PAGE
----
After her last picture in 1958, she went through a period of illness with psychological and family problems. In November 1965 she was arrested for leaving a Los Angeles department store with articles she'd neglected to pay for, but was acquitted and given a standing ovation in the courtroom. She moved to New York after this. Legal suits became a way of life. She once estimated that she has gone through $30 million.
In 1966, her biography, "Ecstasy and Me," was published. Though she supposedly cooperated with its writing, she tried to get a court injunction to stop its publication. The injunction failed.
On 3/12/1997, Lamarr, who resides in Florida, was finally honored by the Electronic Frontier Foundation for her technology contribution. Her son, Anthony Loder, accepted an award for his mother, and played an audiotape of her for the audience - the first time she had spoken in public in over 20 years. Ironically, Anthony owns a phone store in Los Angeles in which half the phone systems are based on his mother's pioneering concept.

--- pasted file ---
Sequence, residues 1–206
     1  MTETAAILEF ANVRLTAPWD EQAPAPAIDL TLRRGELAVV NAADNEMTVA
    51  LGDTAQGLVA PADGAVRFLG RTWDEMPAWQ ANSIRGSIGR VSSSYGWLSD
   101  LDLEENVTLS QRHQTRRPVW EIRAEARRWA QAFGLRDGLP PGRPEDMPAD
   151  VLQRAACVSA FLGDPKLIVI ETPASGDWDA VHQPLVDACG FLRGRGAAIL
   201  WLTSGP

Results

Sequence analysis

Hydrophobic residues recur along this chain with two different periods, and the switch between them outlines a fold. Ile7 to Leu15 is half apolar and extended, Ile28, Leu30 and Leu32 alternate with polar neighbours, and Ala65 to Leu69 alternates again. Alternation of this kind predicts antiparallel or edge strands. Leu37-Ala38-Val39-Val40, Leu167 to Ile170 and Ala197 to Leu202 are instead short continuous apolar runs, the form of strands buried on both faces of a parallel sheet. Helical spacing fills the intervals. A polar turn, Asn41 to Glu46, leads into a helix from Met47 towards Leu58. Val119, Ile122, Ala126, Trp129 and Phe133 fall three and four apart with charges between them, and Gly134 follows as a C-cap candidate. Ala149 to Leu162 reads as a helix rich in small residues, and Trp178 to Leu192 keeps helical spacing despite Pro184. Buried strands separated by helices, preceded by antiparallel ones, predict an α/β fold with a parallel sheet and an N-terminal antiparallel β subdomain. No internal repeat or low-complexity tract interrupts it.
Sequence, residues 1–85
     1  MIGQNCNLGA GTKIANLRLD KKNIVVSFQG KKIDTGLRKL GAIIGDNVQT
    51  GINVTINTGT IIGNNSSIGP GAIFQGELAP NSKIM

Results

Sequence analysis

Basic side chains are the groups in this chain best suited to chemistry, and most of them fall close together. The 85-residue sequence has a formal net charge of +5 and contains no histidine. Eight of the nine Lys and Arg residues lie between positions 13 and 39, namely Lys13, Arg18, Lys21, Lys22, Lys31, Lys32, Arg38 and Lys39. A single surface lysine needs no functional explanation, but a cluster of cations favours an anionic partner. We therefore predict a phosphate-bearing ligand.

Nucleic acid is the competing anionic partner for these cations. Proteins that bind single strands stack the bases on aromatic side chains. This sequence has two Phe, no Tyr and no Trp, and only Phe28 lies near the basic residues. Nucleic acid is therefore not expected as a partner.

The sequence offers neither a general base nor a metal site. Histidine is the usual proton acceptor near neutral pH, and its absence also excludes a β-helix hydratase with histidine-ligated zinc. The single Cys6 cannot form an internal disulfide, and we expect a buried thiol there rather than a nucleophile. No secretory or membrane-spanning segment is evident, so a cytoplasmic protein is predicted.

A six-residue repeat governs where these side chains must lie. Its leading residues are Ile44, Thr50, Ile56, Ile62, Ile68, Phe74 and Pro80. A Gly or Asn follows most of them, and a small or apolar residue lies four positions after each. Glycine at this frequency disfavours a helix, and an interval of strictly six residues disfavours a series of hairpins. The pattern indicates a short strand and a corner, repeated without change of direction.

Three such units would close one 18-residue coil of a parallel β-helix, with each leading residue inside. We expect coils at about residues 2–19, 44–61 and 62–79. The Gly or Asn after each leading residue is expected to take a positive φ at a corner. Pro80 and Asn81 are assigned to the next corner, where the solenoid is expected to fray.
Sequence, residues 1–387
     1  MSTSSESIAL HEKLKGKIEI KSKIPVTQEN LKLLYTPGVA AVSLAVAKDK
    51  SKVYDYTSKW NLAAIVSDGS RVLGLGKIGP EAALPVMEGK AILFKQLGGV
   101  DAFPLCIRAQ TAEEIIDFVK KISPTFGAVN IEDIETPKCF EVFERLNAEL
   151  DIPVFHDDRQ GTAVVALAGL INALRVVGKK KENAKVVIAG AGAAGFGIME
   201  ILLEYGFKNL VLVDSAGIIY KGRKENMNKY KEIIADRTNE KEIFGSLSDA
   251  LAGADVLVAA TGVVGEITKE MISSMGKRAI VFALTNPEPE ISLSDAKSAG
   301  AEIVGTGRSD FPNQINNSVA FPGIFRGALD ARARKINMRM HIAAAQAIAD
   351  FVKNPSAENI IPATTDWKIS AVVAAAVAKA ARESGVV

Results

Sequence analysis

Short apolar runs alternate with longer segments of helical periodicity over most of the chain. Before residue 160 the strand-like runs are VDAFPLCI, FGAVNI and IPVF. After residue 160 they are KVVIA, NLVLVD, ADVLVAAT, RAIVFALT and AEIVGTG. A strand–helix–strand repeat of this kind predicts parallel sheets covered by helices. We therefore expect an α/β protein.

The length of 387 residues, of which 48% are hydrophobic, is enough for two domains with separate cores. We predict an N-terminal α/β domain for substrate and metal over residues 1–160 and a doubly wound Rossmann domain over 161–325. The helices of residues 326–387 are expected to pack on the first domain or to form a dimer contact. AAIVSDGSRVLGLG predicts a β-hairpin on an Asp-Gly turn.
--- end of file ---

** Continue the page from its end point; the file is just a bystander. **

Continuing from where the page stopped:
Lamarr was found dead in her Orlando, Florida home on 1/19/2000, age 86.
- spouse relationship with Markey, Gene (born 11 December 1895)
- Relationship : Marriage 1933 (Arranged marriage to Fritz Mandal)
- Family : Change residence 1937 (Emmigrated to U.S.)
- Work : Begin Major Project December 1940 (Started work on electrical transmitted info)
chart Placidus Equal_H.
- Work : Published/ Exhibited/ Released 1 October 1941 (Article in N.Y. Times on invention)
chart Placidus Equal_H.
- Work : Published/ Exhibited/ Released 1946 (Own movie out of her own production company)
- Work : Published/ Exhibited/ Released 1949 (Film "Sampson and Delilah")
- Relationship : Marriage 1951 (Ted Stauffer)
- Relationship : Marriage 1953 (Howard Lee)